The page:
Green tea leaves contain caffeine (I know, I know, I just said caffeine may be a trigger—I’ll explain), theophylline, essential oils, and polyphenols. Okay, caffeine influences the central nervous system by decreasing fatigue, increasing wakefulness, and facilitating idea association. That’s why we like it now and again, but moderation is the key. In addition, theophylline causes a relaxation of the bronchial smooth muscle and stimulates on a respiratory level. This is beneficial for those of us who are suffering from allergy-related headaches. Also, those polyphenols are powerful antioxidants that have anti-inflammatory and antibacterial properties that boost our immune system, definitely a plus when healing your body. Green tea is my beverage of choice for most mornings. I have it plain without an ounce of sweetener (it took me a while to get used to that!) with a dash of amla powder and lemon or ginger juice.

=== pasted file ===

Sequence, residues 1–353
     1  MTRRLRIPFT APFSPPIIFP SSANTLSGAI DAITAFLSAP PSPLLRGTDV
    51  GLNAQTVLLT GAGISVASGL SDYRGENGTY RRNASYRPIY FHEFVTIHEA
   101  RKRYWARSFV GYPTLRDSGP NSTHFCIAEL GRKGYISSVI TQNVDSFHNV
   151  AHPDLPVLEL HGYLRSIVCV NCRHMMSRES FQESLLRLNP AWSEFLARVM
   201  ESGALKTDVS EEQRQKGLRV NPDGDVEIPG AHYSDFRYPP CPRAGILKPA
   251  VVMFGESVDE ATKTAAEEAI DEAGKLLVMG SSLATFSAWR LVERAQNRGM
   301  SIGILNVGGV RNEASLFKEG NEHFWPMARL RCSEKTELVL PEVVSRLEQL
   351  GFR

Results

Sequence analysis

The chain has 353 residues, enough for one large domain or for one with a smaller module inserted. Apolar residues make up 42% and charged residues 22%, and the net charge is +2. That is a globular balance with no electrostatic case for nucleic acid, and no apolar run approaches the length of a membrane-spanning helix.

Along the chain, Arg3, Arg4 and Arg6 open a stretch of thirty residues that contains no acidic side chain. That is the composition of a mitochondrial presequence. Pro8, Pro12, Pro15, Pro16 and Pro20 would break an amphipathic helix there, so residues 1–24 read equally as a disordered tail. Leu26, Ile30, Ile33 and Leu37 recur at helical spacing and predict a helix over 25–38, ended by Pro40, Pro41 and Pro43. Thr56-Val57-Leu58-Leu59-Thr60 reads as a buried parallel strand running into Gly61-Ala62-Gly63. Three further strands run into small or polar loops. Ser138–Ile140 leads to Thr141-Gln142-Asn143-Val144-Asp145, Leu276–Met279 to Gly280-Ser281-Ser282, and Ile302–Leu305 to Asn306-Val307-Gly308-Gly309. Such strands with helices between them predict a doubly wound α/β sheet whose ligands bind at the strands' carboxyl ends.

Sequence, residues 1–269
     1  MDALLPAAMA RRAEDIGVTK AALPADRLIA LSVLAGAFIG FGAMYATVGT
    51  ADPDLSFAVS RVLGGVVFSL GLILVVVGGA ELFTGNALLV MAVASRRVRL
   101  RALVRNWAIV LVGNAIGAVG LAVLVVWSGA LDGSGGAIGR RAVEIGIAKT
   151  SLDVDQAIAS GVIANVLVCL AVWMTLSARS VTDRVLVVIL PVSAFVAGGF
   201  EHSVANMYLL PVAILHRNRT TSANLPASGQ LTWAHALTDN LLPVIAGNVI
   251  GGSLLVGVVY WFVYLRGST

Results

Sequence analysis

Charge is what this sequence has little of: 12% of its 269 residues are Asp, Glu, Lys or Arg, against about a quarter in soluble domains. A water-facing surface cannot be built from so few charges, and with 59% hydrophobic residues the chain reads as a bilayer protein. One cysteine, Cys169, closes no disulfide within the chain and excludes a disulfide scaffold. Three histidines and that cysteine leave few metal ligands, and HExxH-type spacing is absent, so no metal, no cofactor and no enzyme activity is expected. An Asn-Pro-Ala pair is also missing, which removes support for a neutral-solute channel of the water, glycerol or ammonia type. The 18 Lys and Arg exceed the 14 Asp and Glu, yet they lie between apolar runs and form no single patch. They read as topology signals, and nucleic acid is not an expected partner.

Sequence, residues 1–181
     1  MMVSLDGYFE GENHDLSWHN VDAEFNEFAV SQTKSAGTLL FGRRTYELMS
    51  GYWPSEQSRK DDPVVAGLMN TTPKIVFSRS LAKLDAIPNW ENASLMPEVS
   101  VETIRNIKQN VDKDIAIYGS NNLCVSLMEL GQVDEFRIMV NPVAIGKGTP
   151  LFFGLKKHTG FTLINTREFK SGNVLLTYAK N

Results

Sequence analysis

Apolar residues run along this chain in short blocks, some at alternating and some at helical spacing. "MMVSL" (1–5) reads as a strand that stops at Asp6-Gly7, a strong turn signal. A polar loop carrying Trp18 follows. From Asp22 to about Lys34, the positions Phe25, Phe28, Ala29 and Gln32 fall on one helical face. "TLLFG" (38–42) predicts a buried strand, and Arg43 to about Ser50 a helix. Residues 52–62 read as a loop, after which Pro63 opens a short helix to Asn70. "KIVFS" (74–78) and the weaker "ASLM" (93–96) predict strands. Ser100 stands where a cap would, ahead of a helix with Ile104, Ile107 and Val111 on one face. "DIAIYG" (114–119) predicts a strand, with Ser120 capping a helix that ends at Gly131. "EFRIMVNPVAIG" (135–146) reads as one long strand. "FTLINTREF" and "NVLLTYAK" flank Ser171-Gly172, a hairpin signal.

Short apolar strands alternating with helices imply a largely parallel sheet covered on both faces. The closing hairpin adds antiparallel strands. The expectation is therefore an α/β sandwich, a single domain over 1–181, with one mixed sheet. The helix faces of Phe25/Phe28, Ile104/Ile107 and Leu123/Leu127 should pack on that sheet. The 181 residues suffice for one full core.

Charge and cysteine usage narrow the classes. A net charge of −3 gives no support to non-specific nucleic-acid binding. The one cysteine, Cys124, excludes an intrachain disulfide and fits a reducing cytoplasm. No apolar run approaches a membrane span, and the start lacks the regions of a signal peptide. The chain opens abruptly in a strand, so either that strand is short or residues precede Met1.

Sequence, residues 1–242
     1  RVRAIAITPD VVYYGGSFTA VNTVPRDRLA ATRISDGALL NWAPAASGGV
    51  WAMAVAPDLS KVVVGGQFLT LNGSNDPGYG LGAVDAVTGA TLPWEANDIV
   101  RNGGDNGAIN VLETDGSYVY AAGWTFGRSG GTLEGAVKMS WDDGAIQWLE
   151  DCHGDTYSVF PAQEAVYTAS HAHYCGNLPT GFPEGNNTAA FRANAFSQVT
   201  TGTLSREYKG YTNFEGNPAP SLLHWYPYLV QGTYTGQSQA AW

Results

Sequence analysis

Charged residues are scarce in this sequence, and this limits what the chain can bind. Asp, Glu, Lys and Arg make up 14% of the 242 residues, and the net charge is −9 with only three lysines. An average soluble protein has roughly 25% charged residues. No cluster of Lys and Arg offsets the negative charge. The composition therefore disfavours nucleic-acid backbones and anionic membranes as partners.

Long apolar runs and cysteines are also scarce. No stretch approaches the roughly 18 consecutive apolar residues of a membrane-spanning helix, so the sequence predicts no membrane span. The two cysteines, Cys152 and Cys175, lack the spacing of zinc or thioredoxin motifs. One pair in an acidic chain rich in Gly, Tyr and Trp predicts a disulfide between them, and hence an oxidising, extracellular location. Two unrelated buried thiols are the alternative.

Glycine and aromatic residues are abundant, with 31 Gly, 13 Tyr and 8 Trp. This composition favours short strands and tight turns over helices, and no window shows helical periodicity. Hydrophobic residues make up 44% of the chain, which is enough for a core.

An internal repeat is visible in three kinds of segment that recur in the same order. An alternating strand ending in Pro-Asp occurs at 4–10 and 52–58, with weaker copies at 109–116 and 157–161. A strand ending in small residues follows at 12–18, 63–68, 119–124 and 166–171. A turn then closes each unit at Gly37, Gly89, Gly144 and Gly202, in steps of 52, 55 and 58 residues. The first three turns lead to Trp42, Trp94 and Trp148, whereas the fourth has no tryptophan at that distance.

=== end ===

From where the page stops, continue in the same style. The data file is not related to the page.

Cayenne Pepper

Cayenne Pepper contains the compound capsaicin that stimulates circulation and aids digestion.  Some evidence suggests that capsaicin has strong anti-inflammatory properties that may be useful in treating conditions such as neuropathic pain. And some clinical studies have found that capsaicin may be effective in relieving and preventing sinus headaches, cluster headaches, and migraine headaches. Cayenne peppers also contain vitamins and minerals such as vitamins A, C, and E, calcium, magnesium, iron, and potassium. I like to sprinkle cayenne pepper on my morning avocado toast on when I need it.

Garlic